Landline telephones 117 and 113 may be plain old telephony service (POTS) telephones with modern features or any variation of newer telephone models or appliances for voice communication like Internet Protocol (IP) telephones or base station handsets or head sets that communicate wirelessly with customer premises equipment (CPE), such as a base station for example. In this example telephones 117 and 113 are POTS telephones having at least limited programming capabilities such as a programmable dialer including normal telephone dialing and answering features.
 Wireless network 101 may be a cellular telephone network including analog and digital capabilities that may include Internet access services over the digital wireless network. Wireless network includes a satellite transmitter/receiver 106 connected to a wireless service provider (WSP) premises 105. WSP 105 provides wireless telephone services and may be a known service company of which there are several. Network 101 includes a cellular relay tower 110 and relay satellite 109 representing typical equipment that might operate in a wireless network such as network 101.
 A mobile telephone 112 is illustrated in this example in near proximity to landline telephone 113 in call origination premises 104. It is noted herein that designation of premises 104 as a calling premises is exemplary only. Any premises having a suitable telephone can be a call originating premises. Likewise, the designation of premises 103 as a destination premises is completely random. Any connected telephone may receive and send calls.
 Wireless telephone 112 may be a cellular telephone, a personal digital assistant (PDA), or another network appliance capable of wireless telephony. In this example telephone 112 is enabled through a service subscription to a wireless telephone service such as one provided by WSP 105. In this example telephone 112 has communication access to network 101 but is not receiving a good wireless signal as is illustrated herein by a connectivity break 111 between cell tower 110 and telephone 112. Therefore, in this example it is possible that the caller receiving poor signal strength wants to use landline telephone 113 to place a call to an entity stored in the address book of mobile unit 112.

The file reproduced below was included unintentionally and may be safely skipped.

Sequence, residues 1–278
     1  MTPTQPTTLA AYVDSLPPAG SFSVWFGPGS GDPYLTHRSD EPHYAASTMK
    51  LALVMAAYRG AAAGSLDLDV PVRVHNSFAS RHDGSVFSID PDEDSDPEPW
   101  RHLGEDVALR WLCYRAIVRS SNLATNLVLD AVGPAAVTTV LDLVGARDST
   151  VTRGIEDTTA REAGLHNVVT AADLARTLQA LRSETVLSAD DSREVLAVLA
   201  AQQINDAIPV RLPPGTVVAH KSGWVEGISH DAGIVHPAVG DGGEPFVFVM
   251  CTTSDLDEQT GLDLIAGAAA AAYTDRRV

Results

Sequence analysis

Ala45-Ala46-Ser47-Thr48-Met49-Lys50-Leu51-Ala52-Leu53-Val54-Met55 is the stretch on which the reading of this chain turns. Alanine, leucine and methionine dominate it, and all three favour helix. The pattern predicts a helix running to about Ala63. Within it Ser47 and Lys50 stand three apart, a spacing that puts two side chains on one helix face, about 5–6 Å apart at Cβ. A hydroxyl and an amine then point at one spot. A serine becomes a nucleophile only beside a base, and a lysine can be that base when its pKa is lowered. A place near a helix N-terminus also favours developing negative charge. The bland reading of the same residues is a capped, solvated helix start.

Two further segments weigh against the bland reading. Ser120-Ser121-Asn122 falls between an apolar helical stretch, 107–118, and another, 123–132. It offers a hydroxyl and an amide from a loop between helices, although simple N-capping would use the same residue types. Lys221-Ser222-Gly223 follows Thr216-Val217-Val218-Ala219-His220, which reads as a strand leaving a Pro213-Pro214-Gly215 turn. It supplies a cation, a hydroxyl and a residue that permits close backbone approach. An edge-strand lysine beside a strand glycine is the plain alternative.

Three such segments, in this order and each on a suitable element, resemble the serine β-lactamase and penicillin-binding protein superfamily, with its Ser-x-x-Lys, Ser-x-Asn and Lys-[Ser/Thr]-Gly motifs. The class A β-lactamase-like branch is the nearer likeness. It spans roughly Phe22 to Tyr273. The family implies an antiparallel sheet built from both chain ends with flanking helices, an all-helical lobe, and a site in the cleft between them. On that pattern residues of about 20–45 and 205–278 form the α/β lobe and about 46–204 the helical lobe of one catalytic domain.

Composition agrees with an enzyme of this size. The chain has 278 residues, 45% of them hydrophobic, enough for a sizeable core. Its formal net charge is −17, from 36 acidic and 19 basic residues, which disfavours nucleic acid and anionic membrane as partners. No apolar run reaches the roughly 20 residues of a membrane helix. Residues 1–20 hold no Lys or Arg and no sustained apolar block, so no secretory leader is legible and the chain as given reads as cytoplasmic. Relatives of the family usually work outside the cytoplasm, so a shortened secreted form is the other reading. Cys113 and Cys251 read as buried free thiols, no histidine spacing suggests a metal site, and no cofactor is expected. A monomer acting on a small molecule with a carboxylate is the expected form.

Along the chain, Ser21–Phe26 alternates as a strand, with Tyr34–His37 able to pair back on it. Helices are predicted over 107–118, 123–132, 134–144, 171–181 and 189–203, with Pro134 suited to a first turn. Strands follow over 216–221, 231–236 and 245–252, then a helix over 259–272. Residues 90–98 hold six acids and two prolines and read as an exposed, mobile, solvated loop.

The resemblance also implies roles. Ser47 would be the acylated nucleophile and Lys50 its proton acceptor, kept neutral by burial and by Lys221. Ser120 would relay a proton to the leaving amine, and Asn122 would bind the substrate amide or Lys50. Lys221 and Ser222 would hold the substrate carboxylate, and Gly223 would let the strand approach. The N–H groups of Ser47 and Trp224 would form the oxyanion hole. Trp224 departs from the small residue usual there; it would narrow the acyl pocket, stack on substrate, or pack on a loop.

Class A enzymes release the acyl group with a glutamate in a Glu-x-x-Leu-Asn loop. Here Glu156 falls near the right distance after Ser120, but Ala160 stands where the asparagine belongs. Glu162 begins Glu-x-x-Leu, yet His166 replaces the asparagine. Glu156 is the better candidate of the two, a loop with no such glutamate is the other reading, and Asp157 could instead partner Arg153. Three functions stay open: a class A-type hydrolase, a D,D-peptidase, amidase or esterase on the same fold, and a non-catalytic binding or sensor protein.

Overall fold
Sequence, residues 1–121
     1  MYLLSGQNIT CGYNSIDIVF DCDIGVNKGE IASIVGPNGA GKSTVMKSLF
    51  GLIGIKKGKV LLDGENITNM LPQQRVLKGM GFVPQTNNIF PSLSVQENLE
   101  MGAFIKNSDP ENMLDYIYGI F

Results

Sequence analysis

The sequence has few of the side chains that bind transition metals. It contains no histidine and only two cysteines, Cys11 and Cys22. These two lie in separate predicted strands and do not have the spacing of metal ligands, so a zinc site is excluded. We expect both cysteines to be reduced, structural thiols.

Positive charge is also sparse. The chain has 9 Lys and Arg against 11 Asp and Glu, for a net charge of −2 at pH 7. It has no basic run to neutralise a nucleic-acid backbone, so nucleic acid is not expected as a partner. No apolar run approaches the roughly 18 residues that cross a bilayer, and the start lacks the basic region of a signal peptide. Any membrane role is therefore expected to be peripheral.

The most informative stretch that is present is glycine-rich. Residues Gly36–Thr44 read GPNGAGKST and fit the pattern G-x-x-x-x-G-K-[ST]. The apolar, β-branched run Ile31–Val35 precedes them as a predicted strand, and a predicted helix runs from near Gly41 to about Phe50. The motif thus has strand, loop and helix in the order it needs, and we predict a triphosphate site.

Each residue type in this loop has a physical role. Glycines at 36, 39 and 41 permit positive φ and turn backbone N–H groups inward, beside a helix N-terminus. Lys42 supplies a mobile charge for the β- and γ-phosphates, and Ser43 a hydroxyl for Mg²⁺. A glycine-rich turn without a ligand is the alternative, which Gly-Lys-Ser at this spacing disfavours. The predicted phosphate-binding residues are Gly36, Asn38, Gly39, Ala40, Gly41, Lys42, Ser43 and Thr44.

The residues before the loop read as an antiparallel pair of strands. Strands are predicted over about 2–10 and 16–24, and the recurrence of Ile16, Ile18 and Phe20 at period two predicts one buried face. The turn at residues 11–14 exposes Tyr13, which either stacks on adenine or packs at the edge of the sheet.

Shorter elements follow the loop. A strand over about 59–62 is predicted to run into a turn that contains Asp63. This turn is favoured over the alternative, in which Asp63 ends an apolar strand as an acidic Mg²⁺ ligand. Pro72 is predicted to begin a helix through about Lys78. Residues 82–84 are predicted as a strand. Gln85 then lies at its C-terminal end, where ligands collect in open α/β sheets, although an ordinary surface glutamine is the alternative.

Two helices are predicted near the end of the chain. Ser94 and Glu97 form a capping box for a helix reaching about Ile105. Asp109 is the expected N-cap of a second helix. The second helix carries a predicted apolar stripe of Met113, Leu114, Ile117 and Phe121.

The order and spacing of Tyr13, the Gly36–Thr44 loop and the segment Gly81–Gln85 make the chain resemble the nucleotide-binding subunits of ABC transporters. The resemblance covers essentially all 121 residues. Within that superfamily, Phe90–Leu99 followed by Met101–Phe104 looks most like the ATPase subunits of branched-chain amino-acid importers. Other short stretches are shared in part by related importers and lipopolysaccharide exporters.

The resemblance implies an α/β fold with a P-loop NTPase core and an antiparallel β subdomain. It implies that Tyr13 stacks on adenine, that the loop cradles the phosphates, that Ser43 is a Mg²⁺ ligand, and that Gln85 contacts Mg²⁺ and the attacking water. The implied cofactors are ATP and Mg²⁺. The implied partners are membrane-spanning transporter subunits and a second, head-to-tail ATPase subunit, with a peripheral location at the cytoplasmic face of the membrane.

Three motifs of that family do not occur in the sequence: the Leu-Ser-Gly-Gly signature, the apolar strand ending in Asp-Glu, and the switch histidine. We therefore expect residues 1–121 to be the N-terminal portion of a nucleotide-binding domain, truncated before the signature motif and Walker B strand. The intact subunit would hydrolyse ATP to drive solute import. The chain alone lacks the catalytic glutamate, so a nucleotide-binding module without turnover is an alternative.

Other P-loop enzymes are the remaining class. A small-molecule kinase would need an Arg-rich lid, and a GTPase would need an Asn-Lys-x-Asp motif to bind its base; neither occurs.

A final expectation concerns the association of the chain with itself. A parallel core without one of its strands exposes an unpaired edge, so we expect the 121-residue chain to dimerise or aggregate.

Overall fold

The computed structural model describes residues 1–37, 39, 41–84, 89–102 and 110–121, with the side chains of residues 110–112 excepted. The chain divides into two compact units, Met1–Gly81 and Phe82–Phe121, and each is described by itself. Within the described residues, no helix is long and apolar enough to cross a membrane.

Typically speaking, there are no connection issues such as dropout, call fuzziness, or other such problems generally attributable to low signal strength in a landline telephone. Therefore a call placed to destination premises 103 such as to landline telephone 117 from landline telephone 113 would result in a more reliable communication session from the standpoint of quality of service (QoS) while a call placed to landline telephone 117 from mobile unit 112 might not even connect depending upon the current condition related to the wireless services.